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Volume 22 Issue 2
July/August 2016

Probiotic Punch – Summer Smoothies and Drinks

D&D Market Garden

Animal Communication: They Can Hear, Feel, and Sense Our Thoughts

Eating the Abundance

A Blueprint for Healing

Chronic Pain: What are You Talking About?

Unconventional Healing: A Contemporary Dance Show

How Energy Psychology Saved a Marriage


Probiotic Punch – Summer Smoothies and Drinks
by Stacey Tress
Stacey Tress

Hey, everyone! How’s your summer going? With the heat of summer, and the desire to quench thirst, I was inspired to write an article on some of our family’s favourite recipes to beat the heat. Probiotic punch? You may be wondering where I’m going with this article. As many of you know, I carry active culture kits (kombucha, kefir, sourdough starter) and am continually fermenting up a batch of something health conscious and yummy for myself and my family.

What if you could make your own drinks, smoothie pops, frozen treats—easily, and cheaply in your own home? Bonus if these thirst quenchers were full of probiotic goodness and were good for your waistline and your budget! I’ll break it down below to talk a bit about what probiotics are, how they work, different kinds of live probiotic drinks (and where to find the cultures to make them), and finish off with some winning recipes!

What are Probiotics?

Probiotics are live bacteria and yeasts that are good for your health, especially your digestive system. We usually think of bacteria as something that causes diseases. But, your body is full of bacteria, both good and bad. Probiotics are often called “good” or “helpful” bacteria because they help keep your gut healthy.

Probiotics are naturally found in your body. You can also find them in some foods and supplements; especially in foods that are fermented, ie. traditional sauerkraut, kimchi, yogurt, kombucha, kefir, miso, and more.

It’s only been since about the mid-1990s that people have wanted to know more about probiotics and their health benefits. Doctors often suggest them to help with digestive problems. And because of their newfound fame, you can find them in everything from yogurt to chocolate.

How Do Probiotics Work?

There are many strains of bacteria that are classified as a probiotic but listed below are two common types:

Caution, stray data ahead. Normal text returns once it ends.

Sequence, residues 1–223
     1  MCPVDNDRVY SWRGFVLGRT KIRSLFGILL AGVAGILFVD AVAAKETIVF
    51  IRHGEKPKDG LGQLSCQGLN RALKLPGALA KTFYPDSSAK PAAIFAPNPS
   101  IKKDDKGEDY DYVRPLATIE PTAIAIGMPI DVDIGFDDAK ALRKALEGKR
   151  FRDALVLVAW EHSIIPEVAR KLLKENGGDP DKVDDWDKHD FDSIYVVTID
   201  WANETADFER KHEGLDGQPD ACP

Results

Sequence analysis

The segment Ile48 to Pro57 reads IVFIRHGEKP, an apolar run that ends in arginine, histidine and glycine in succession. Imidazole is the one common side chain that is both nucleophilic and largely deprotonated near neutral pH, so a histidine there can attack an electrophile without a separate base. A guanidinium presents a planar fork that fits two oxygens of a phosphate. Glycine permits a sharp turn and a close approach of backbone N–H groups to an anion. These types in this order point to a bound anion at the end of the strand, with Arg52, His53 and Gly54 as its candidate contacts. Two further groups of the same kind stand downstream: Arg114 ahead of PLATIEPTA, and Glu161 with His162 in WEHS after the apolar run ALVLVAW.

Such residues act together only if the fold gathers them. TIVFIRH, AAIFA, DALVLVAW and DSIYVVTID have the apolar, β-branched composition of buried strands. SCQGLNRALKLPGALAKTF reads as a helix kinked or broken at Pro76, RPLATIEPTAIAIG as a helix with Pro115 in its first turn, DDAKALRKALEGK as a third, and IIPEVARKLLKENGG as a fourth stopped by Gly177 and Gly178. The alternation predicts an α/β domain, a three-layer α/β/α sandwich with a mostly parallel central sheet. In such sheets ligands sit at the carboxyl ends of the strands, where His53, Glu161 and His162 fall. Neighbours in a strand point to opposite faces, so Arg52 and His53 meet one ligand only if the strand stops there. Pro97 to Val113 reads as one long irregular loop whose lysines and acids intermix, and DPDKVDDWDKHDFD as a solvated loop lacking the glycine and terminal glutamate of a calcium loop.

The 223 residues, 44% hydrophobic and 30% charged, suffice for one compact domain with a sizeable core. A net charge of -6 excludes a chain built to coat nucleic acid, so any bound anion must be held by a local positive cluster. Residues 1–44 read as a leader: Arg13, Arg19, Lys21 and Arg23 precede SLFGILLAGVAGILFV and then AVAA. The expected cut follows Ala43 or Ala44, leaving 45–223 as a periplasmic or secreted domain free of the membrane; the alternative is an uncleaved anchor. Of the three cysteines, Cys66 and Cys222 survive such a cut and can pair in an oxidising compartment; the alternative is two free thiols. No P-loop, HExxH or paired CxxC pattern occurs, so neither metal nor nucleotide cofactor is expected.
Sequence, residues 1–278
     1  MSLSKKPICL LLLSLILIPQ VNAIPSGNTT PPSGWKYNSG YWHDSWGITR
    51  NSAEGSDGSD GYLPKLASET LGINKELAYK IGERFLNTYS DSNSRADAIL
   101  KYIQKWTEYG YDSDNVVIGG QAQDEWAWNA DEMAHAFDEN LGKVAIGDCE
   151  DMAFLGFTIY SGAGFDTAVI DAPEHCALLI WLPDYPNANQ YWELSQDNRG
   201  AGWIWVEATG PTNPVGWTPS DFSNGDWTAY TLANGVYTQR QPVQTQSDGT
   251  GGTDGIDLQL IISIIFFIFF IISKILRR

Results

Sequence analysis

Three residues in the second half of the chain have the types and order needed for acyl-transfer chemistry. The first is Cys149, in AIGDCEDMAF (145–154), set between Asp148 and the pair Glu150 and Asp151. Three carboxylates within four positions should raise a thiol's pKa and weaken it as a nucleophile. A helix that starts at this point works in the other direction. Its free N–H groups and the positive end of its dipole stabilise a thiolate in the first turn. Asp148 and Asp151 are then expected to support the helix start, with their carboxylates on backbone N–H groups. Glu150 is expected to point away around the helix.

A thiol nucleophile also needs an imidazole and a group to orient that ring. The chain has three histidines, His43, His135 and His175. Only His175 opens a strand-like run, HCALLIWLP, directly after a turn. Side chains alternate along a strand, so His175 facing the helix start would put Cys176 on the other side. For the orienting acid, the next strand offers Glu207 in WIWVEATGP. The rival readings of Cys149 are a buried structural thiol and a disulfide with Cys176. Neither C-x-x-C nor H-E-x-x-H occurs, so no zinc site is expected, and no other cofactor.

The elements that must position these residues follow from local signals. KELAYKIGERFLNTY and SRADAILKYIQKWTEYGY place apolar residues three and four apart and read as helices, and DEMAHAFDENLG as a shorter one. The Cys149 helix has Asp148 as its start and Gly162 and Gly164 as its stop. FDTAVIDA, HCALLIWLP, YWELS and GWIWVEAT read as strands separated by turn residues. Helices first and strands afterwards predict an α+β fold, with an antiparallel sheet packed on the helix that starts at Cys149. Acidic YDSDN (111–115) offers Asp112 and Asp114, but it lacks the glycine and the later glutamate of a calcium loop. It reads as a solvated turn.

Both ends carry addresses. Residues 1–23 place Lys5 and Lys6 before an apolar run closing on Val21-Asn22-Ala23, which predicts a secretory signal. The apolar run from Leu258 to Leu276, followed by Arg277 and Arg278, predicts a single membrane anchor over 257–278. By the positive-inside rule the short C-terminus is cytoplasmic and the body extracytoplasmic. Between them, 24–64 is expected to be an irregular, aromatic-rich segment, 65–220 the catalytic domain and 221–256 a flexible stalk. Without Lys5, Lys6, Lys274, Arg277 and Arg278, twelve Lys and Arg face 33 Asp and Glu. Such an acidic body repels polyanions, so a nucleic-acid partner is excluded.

Lactobacillus. This may be the most common probiotic. It’s the one you’ll find in yogurt and other fermented foods (ie. sauerkraut, kefir). Different strains can help with diarrhea and may help with people who can’t digest lactose, the sugar in milk.

Bifidobacterium. You can also find it in some dairy products. It may help ease the symptoms of irritable bowel syndrome (IBS) and some other conditions.

When you lose good bacteria in your body (like after you take antibiotics, for example), probiotics can help replace them.

They can help balance your good and bad bacteria to keep your body working like it should.

What Do They Do?

Probiotics help move food through your gut while also increasing the digestibility and absorption of the vitamins and minerals. Some common conditions they can treat are:

  • Irritable bowel syndrome
  • Inflammatory bowel disease (IBD)
  • Infectious diarrhea (caused by viruses, bacteria, or parasites)
  • Antibiotic-related diarrhea

There is also some research to show they help with problems in other parts of your body. For example, some people say they have helped with:

  • Skin conditions, like eczema
  • Urinary and vaginal health
  • Preventing allergies and colds
  • Oral health

Different Types of Cultured/Fermented Drinks

Kefir, aka Tibicos (Water Kefir)

Water kefir is one of many names used to describe a versatile culture that can be used to ferment any carbohydrate-rich liquid. The culture—also known as tibicos or tibis, sugary-water grains, Tibetan crystals, Japanese water crystals, and bees wine—is a SCOBY, a symbiotic community of bacteria and yeast, which appear as small whitish translucent granules and grow quickly when fed regularly. Water kefir is not directly related to kefir, the ancient culture from the Caucasus Mountains used to ferment milk.

Water kefir is pretty simple to make and will ferment any type of sugar, or other sweeteners, such as honey, maple syrup, agave syrup, rice syrup, or barley malt. Many people ferment coconut water using water kefir. Coconut milk and nut, seed, and grain milks can also be fermented in this way. The inspirations are almost endless when it comes to what you can use to make a probiotic rich drink, using water kefir—fruit juice, fresh fruit, fruit beer, any sweet liquid will work! The bacteria and yeast consume the sugar (it’s their food/fuel source) and in turn provide a delicious, nutritious, and bubbly beverage!


Kombucha is a sugar-sweetened tea fermented by a community of organisms into a delicious sour tonic beverage, sometimes compared to sparkling apple cider. Kombucha is produced by a SCOBY, also known as a mother. Like any ferment, it contains unique metabolic by-products and living bacterial cultures—no other ferment even approaches kombucha in terms of its sudden dramatic popularity. Today, there are dozens of commercial enterprises manufacturing and selling kombucha—in 2009 a leading US brand, GT’s Kombucha, sold more than a million bottles and Newsweek reports that between 2008 and 2009, US kombucha sales quadrupled, from $80 million to $324 million!